What Unique Tax and Structuring Challenges Do Qualified Opportunity Funds Present to Sponsors and Investors?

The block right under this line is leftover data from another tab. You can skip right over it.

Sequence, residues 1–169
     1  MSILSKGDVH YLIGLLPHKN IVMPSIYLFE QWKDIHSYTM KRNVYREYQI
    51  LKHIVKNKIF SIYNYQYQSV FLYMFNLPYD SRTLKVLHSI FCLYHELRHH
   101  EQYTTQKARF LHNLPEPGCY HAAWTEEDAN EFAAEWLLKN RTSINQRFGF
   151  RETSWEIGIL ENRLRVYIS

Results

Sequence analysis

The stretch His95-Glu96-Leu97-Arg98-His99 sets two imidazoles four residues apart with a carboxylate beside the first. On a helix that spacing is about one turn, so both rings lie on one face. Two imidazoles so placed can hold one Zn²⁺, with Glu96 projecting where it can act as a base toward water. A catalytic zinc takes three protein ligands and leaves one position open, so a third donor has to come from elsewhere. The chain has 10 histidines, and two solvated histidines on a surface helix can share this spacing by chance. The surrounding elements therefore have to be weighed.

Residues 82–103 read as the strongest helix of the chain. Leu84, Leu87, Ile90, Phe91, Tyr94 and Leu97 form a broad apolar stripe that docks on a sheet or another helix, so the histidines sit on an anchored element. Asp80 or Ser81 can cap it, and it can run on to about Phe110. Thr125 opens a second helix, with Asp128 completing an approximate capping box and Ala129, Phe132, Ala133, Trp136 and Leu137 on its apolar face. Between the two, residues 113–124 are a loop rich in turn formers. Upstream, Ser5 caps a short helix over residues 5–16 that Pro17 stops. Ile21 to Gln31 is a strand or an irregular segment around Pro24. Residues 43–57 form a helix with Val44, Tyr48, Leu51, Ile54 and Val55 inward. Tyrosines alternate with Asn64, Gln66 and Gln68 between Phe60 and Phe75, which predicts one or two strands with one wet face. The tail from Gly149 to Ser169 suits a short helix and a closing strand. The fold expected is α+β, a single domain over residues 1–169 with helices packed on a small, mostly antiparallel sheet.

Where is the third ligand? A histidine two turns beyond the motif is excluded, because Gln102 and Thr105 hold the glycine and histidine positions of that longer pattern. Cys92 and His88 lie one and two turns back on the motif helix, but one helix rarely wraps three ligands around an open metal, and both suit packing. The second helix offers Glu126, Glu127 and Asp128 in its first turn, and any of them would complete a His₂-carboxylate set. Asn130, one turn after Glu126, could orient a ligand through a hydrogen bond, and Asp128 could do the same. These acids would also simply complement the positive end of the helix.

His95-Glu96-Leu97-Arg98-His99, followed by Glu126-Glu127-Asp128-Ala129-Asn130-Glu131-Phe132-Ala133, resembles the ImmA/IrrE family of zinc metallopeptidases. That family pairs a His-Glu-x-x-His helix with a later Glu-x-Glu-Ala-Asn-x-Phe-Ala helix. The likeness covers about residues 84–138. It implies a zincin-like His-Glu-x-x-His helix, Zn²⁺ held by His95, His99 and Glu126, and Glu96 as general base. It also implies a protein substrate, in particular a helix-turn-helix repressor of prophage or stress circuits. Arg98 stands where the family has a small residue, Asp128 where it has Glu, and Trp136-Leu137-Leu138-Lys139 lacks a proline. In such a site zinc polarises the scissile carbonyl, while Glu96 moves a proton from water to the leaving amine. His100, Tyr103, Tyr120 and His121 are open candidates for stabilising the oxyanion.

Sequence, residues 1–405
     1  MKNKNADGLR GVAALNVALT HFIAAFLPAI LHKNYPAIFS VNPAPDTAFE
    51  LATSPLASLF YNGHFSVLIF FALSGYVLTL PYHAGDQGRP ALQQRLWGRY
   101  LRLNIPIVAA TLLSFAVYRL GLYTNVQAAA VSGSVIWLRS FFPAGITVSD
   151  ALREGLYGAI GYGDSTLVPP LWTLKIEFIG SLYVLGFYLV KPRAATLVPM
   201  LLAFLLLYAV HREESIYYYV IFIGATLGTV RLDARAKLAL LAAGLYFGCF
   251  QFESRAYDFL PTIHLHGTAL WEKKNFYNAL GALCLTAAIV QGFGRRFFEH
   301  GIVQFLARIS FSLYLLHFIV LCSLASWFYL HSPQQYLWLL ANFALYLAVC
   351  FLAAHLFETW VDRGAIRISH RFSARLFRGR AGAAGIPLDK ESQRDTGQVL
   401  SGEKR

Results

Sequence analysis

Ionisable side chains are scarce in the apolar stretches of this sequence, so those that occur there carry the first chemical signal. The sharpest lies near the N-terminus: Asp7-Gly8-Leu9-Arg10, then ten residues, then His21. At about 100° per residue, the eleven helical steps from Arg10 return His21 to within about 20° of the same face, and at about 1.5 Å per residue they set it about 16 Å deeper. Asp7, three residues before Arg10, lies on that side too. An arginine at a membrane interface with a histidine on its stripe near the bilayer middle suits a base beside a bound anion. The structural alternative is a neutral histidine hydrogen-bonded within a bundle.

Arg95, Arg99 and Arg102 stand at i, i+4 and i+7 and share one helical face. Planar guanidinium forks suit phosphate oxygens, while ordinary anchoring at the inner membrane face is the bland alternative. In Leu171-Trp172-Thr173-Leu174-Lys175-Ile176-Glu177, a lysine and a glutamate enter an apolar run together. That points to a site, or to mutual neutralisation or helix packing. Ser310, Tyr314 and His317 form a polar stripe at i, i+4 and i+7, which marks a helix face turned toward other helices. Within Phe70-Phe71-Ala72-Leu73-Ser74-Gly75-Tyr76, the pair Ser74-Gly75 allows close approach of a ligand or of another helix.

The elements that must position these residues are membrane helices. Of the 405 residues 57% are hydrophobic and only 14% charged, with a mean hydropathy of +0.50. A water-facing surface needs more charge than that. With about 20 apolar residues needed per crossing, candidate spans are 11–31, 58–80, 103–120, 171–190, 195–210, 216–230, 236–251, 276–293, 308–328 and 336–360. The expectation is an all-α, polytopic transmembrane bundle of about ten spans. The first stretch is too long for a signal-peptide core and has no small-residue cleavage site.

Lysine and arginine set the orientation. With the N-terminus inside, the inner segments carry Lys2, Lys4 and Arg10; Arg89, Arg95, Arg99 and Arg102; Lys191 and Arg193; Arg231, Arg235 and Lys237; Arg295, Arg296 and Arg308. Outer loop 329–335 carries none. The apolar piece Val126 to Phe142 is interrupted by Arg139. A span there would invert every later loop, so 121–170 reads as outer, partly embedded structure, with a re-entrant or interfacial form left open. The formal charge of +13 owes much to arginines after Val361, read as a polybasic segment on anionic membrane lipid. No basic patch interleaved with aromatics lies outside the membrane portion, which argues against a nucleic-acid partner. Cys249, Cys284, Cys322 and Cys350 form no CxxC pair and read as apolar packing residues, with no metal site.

The Tax Cuts and Jobs Act of 2017 created a powerful incentive for private investment in economically underperforming areas through tax benefits for investments made through qualified opportunity funds (QOFs) that own property used in qualified opportunity zones (QOZs). To encourage those investments, the U.S. Department of the Treasury issued proposed regulations regarding QOFs and QOZs on October 19, 2018, and April 17, 2019 (together, the Proposed Regulations). The Proposed Regulations provide greater clarity to sponsors that seek to raise capital for QOFs, although many uncertain areas remain and a variety of traps exist for those who are not properly advised. In a guest article, Gibson, Dunn & Crutcher partners Brian W. Kniesly and Daniel A. Zygielbaum, as well as associate Evan M. Gusler, highlight how raising a QOF presents challenges and opportunities that are absent from the context of a typical PE fund. In particular, this article explores issues related to investing and disposing of interests in QOFs, as well as certain important considerations around structuring capital commitments and the sponsor’s carried interest. For related articles on QOFs, see “Select Issues for Structuring Qualified Opportunity Funds” (Jun. 4, 2019); and “How Fund Managers May Deploy Opportunity Zone Funds to Defer and Partially Eliminate Capital Gains” (Apr. 30, 2019).

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